As we immerse ourselves ever deeper into the digital world, can we really expect to control what information appears about us online?
Tech Talk- Zeid Nasser
Five years ago, a Spanish lawyer took Google to court because he wanted to suppress an old legal notice against him which kept appearing every time anyone searched for his name. He claimed the information concerning a foreclosure of his home in 1998 was no longer relevant and was hurting his reputation. In effect, he wanted to assert his so-called right to be forgotten. In May, a European court decided he was entitled to this right.
The court’s decision has triggered a chain reaction that will affect everyone and everything on the Internet. It means individuals have the right to redact results on searches of their names if the information is inadequate, irrelevant, or out of date.
Since the beginning of June, Google has been inundated with requests from Europeans who wish to exercise their newly-won right to be forgotten. Google said it received 41,000 requests from people in the first four days, amounting to more than 10,000 requests per day. That’s seven requests per minute and the numbers are expected to keep rising. Google is planning to hire new staff just to handle them.
Why did the European court rule against Google? Because it defined Google as a “data controller” under a European law on data protection, which gives individuals strong rights over data that others hold on them.
However, there are many critics of this ruling and various experts who believe it’s just not applicable.
To begin with, the right to be forgotten is hard to implement, as Google could censor its search results in Europe, but users elsewhere in the world could see that information and just send it to anyone in Europe. Additionally, with basic technical know-how or by downloading an ‘unblock’ product, anyone can change their country IP address and browse the web without local limitations (just like users in Gulf countries do all the time to access blocked sites).
Every country, or region, will ask Google to censor different information and the result will be a mishmash of censored and uncensored information that will not provide blanket global removal of information.
Some countries may even take an opposite stance, demanding that the right to public freedom of information prevents Google from removing any information from the public record. Simply, any person should be able to know anything about anybody if it’s a public record.
Even if it were possible to force search companies, or social networks, to erase the past, it could do more harm than good. It would prevent users from discovering the inconvenient truths about those who would like their past covered up.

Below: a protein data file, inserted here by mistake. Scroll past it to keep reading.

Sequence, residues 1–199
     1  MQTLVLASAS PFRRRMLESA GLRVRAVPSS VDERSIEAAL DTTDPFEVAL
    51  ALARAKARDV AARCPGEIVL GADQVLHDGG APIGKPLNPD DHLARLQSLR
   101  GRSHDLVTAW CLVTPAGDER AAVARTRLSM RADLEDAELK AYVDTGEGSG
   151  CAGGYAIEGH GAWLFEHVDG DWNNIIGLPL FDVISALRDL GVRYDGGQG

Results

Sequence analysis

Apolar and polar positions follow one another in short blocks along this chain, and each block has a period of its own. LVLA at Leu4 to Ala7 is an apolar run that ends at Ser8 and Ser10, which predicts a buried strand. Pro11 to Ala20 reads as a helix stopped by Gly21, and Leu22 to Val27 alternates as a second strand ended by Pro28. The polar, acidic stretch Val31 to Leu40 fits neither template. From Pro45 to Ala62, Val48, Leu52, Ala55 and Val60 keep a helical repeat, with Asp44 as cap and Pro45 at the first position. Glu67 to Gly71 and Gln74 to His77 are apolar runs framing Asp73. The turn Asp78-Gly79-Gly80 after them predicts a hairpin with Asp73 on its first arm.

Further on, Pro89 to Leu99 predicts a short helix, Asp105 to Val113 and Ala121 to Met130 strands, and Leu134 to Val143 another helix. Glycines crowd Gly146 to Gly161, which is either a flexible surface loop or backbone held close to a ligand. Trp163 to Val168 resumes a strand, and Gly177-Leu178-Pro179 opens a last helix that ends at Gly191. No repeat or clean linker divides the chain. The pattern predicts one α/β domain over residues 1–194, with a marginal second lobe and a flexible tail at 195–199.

The Internet is now the depository of human history, but it’s not just about celebrities and public figures. It takes data-basing to a whole other level of personalized data, covering every member of society, due to social networks and search engines making every person searchable and identifiable. That’s why the Internet has a long memory, but you’re actually creating it yourself through your real-life actions and your online activity.
Sooner or later, you will feel that some information about you on the Internet appears to be unfair, one-sided, or just plain wrong. What will you do? Can you actually do anything after agreeing to a site’s terms and conditions?
You should take personal responsibility for every service you subscribe to and every piece of information that you post—whether text, photos, videos. The culture of just ticking “Accept All Terms” without reading these terms must end.
When you join a “free” service, realize that nothing is actually free. The service is exchanging the right to use—and sometimes own—your information with your right to use and benefit from the service.
This whole issue of a user’s rights to controlling information about themselves will create all sorts of legal, technological, and moral quandaries over the coming years. As people’s requests pour into Google, you can also expect some ridiculous demands to emerge, like someone asking for all personal history to be erased from the Internet. The notion of deleting oneself from the web is now growing as a demand.
This is the Twenty-First Century. There are our actual selves and our digital selves. Surely our existence in the digital world requires more protection but in a way that makes sense and which is based on a logic of what should and what should not be censored. This is just the beginning of a very long debate that could shape the information age.